Let’s take a walk down memory lane…
Fashion blogging might seem pretty narcissistic to anyone that isn’t themselves a blogger or someone that likes to read blogs. I get it – if I go onto my Instagram, it’s 80% full of photos of me posing on some fancy road or outside some fancy house that I don’t own, meanwhile, I could be writing a post over here about something pretty serious but you best believe I’ll plaster in a few irrelevant photos of myself into the post also. However, can’t you say the same for magazines? At the end of the day, it’s all imagery, if anything – it’s supplementary to your blog. I mean, would you rather read a huge block of text or have it split up by some nice photos which come along with some shoppable links and style inspiration (for all the fashion lovers)?! I’d vote for the latter. These days, fashion imagery (imagery in general) has become a huge part of blogging, and with the industry become more and more saturated, the days of low quality, grainy photos taken stood behind our bedroom doors don’t quite cut it anymore.
I thought I’d share a bit about my own journey, and some tips for what you need to look for when hiring a blog photographer…
If you don’t already know, before I was fashion blogging I owned a “resources” website where I essentially blogged about whatever was happening in school at the time, and also coded and designed websites for others. The good ol’ days. When I first started fashion blogging, I was very on/off and sporadic with it (not really taking it too seriously); I took all my photos on my webcam or Samsung phone using a tripod I purchased from eBay, and my backdrop was my very interesting bedroom door. This was the norm at the time and even those that did venture outside only made it to their gardens. There were some merits to this – with no one but you in the room you’re probably at your most confident in terms of shooting, plus, a mini shoot which requires only your phone and tripod (no worries about lighting, outfit changes, scenery etc), is incredibly quick and easy and probably takes 10 minutes to complete from start to finish.
The industry changed really quickly, and not before long I started to feel the pressure to leave behind the confines of my room if I wanted to keep up with where things were headed. So I entered stage 2: “grab any friend I could find” stage. I started off taking some (pretty woeful) photos in my garden, and then after some time asked an old friend who is a photographer to help me shoot a few photos. However, I felt guilty about taking up her time for no money in return, I was studying and had no money, and decided instead to just grab whoever I was with when I was out to take a few photos of me on the tiny digital camera I carried around with me at the time. Again, it was fairly quick and easy and I was just happy to be out of my room. I wasn’t too bothered about quality – anything outside seemed pretty good to me. Eventually my friend Andre and I started to mutually shoot each other for our blogs using his DSLR, which was super convenient as we’d just take a break from campus (which was already in central London), find a side street and snap some photos – and we’d do this about once a week. But… then graduation happened, work started, and it just wasn’t as easy to do this as it once had been. So, I decided to bite the bullet, and hired myself a photographer…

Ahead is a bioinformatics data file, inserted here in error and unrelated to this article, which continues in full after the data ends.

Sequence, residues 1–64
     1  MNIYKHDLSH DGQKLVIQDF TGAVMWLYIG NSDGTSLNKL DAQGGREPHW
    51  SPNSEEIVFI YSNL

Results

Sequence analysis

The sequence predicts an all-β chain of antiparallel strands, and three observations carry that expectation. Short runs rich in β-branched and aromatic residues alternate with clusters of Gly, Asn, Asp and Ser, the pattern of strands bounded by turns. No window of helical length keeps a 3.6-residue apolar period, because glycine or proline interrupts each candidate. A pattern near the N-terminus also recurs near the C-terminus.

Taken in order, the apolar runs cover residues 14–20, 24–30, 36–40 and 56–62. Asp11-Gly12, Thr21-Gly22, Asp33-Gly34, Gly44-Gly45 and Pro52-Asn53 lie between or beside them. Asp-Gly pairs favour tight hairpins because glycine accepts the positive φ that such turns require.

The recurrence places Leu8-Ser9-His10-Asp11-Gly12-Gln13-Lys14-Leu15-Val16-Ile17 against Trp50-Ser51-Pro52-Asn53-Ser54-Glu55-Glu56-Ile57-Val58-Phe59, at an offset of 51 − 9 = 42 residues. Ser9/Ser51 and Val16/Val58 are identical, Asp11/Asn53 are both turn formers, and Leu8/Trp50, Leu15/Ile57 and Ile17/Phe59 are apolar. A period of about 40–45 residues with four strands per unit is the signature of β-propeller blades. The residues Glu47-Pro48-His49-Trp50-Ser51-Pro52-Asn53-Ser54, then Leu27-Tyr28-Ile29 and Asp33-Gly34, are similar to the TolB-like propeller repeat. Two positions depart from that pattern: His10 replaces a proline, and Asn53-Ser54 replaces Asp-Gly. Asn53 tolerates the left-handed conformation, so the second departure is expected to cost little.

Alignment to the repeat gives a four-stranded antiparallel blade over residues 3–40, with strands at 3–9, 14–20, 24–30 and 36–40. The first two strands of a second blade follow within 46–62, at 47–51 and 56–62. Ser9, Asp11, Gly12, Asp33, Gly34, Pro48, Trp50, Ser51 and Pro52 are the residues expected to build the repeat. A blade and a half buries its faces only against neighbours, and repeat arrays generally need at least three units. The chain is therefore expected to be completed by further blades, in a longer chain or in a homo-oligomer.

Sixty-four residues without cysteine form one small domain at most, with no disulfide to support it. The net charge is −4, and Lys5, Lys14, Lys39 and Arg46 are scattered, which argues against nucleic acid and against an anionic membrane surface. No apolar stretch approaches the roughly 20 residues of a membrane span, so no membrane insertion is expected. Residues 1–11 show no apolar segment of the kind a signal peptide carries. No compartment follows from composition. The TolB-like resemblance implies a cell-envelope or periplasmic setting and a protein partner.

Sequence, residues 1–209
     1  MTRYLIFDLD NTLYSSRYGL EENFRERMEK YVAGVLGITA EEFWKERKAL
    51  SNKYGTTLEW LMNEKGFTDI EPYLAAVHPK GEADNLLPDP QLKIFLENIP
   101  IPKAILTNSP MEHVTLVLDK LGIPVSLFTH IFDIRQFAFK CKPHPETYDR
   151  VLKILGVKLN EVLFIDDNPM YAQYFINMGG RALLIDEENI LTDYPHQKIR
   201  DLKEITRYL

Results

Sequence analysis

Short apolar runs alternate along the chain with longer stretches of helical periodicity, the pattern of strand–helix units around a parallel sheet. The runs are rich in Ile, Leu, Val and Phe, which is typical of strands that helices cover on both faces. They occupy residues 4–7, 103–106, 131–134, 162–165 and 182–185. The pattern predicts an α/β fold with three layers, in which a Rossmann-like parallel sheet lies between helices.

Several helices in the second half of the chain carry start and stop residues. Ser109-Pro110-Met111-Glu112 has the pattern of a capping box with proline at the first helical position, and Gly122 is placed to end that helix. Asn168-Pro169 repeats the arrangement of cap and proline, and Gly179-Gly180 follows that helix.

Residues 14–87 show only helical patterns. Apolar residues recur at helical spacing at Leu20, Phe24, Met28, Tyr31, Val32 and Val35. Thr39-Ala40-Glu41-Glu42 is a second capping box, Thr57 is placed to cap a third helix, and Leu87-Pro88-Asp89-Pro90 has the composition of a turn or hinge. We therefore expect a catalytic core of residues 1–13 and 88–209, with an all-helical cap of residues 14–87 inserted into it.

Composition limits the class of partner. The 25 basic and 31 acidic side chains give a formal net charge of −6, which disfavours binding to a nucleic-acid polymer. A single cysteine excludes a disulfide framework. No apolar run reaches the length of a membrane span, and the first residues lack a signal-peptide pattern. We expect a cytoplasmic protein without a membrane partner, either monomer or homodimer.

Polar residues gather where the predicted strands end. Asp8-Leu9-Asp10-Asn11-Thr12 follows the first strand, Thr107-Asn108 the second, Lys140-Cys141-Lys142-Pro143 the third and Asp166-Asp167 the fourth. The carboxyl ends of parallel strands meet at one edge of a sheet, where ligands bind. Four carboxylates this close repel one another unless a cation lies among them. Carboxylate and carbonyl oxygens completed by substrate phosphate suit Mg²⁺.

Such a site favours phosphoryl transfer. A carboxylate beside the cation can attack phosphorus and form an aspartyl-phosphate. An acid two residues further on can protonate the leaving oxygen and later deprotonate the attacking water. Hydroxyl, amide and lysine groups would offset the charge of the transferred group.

When it came to hiring a photographer I took to Twitter to see if anyone had any recommendations which is when somebody suggested Marianne to me. I’d say I’m about as loyal now to Marianne as I am to my hairdresser (my hairdresser has been the same since I was 12 – I couldn’t get into contact with her for 2 days recently to book an appointment and I was like a lost child).
It was a match made in heaven.
There are a few things to consider if you’re thinking of taking the leap from Stage 2, to Stage 3:
First and foremost is cost. I can tell you that some photographers charge absolutely ludicrous prices for a few blogger outfit photos – and given that my photographer is fab and not ridiculously expensive, I know that this doesn’t have to be the case. I’d say someone that is within the £50 per hour range is pretty perfect, and if you wanted to go slightly higher, £75 is a decent ceiling (at least at present, things/prices change over time). Typical ranges I’ve heard are usually within the £30-50 bracket (personally). Some photographers do charge in excess of £100, and I personally don’t always think it should cost this much for a 1 hour outfit shoot.